Property, intangible

a blog about ownership of intellectual property rights and its licensing

Are These Registrations Valid? The Answer

In my last post I posed questions about the validity of two registrations. If you guessed that both registrations were valid, you were right.

The first application was filed and assigned at a time when the entity had been administratively dissolved. DC Bocce claimed that the non-profit still had the capacity to sue and be sued after it was dissolved, and therefore had the capacity to register. The petitioner claimed that an administratively dissolved entity may only wind up its affairs. The Board concluded:

Petitioner has the burden of proof, and has not shown by a preponderance of the evidence that the nonprofit was not the proper applicant and owner of the application. As to the assignment of this application, Respondent has presented a reasonable timeline by which Respondent LLC was formed on April 8, 2010; the nonprofit assigned all of its assets, including this application to Respondent on May 11, 2010; and the nonprofit filed its articles of dissolution on November 4, 2010, while Respondent continued forward with operations using the mark in the 136 Registration.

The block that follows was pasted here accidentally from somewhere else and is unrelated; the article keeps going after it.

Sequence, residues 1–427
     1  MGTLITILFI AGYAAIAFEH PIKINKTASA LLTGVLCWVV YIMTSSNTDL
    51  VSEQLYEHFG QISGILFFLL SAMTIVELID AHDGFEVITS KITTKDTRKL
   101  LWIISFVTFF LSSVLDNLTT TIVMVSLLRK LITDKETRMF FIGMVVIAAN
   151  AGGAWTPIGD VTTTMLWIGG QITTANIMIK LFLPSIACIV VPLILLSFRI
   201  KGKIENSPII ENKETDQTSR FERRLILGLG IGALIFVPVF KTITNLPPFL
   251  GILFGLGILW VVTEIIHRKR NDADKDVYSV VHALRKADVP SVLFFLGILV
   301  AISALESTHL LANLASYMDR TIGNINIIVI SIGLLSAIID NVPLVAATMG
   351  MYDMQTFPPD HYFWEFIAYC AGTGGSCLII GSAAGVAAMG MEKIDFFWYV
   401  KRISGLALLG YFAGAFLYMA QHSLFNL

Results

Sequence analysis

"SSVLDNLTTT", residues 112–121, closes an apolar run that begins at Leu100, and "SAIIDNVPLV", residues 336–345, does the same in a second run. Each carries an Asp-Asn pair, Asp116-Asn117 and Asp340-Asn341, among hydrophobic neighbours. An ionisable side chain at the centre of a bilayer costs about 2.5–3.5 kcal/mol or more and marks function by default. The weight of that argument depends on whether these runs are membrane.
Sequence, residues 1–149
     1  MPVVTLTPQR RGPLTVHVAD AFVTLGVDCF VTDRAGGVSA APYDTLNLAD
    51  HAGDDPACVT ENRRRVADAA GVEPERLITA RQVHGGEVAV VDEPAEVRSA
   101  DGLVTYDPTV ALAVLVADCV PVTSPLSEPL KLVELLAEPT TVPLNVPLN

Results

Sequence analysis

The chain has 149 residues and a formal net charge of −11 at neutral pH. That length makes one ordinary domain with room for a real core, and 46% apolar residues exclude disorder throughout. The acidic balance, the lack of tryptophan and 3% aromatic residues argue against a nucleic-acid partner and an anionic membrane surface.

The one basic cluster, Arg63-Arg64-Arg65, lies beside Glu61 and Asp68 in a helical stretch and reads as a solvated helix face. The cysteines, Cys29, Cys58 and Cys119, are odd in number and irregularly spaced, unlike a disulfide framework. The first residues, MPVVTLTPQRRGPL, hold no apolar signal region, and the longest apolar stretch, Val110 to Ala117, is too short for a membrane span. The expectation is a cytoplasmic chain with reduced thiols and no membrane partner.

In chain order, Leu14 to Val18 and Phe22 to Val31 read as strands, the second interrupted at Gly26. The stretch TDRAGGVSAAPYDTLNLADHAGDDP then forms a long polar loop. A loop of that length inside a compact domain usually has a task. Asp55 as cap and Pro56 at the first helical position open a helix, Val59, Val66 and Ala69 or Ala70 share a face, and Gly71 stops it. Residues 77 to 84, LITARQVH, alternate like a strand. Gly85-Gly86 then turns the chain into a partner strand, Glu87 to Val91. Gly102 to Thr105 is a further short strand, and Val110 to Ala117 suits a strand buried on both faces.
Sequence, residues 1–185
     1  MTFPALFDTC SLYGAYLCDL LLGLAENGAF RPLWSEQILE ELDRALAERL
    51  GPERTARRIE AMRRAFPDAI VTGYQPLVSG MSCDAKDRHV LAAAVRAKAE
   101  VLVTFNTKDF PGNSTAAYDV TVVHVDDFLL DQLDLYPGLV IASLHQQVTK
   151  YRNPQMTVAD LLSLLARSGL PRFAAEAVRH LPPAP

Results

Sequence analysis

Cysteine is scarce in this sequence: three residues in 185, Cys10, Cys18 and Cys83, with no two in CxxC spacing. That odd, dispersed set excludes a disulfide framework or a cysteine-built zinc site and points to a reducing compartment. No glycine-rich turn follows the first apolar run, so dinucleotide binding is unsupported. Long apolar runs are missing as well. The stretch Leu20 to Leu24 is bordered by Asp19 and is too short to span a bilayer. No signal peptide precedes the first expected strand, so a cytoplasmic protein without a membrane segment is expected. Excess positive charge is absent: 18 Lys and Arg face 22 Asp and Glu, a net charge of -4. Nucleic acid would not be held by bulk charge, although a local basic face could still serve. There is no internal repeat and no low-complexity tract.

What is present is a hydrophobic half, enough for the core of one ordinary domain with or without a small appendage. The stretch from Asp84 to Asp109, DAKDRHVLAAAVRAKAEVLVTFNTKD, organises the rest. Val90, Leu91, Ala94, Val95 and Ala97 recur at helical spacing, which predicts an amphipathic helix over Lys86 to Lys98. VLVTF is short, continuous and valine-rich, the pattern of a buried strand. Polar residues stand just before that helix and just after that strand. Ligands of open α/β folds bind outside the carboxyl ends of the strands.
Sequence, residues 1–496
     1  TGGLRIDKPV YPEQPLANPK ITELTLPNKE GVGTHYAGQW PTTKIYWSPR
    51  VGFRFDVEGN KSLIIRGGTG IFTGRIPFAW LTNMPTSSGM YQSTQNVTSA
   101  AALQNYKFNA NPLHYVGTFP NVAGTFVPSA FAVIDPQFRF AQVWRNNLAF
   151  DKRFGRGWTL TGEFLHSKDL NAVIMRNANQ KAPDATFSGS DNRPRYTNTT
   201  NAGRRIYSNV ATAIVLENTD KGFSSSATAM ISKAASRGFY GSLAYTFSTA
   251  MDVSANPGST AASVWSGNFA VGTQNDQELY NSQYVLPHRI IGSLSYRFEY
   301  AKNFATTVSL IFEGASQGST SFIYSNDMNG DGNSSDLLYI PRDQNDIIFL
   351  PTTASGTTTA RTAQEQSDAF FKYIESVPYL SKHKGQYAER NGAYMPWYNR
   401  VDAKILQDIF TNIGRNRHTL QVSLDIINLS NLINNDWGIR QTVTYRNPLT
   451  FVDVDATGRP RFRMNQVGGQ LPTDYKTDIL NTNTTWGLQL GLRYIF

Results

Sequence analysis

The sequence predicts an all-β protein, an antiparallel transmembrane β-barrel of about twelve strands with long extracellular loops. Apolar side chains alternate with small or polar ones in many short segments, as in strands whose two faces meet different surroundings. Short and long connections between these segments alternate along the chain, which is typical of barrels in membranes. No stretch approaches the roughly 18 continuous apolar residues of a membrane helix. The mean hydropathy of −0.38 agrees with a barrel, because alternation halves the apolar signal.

As for the second registration, filed by “DC League Bocce” when the actual entity at the time was Major League Bocce:

Here too [as in Great Seats, Ltd., v. Great Seats, Inc., 84 USPQ2d 1235, 1240 (TTAB 2007)], there was only one entity in existence at the time of the filing of the application that matured into the 456 Registration. That entity is Respondent, Major League Bocce, LLC. There is no dispute that DC Bocce League, nonprofit, was no longer in existence as of the filing date in 2012. Respondent’s witness, Ms. DeLucas, testified that as part of the process of its dissolution the nonprofit “transferred all of its assets” to Respondent. She also testified that the application that matured into the 456 Registration was filed “on [Respondent’s] behalf.” ¶ We find that while the name and entity were listed incorrectly, Respondent is the correct owner of the 456 Registration. Respondent’s motion to amend is granted.

The fraud-based claim based on improper ownership also therefore failed.

United Social Sports, Inc. v. Major League Bocce LLC, Cancellation No. 92060936 (TTAB Nov. 6, 2018).

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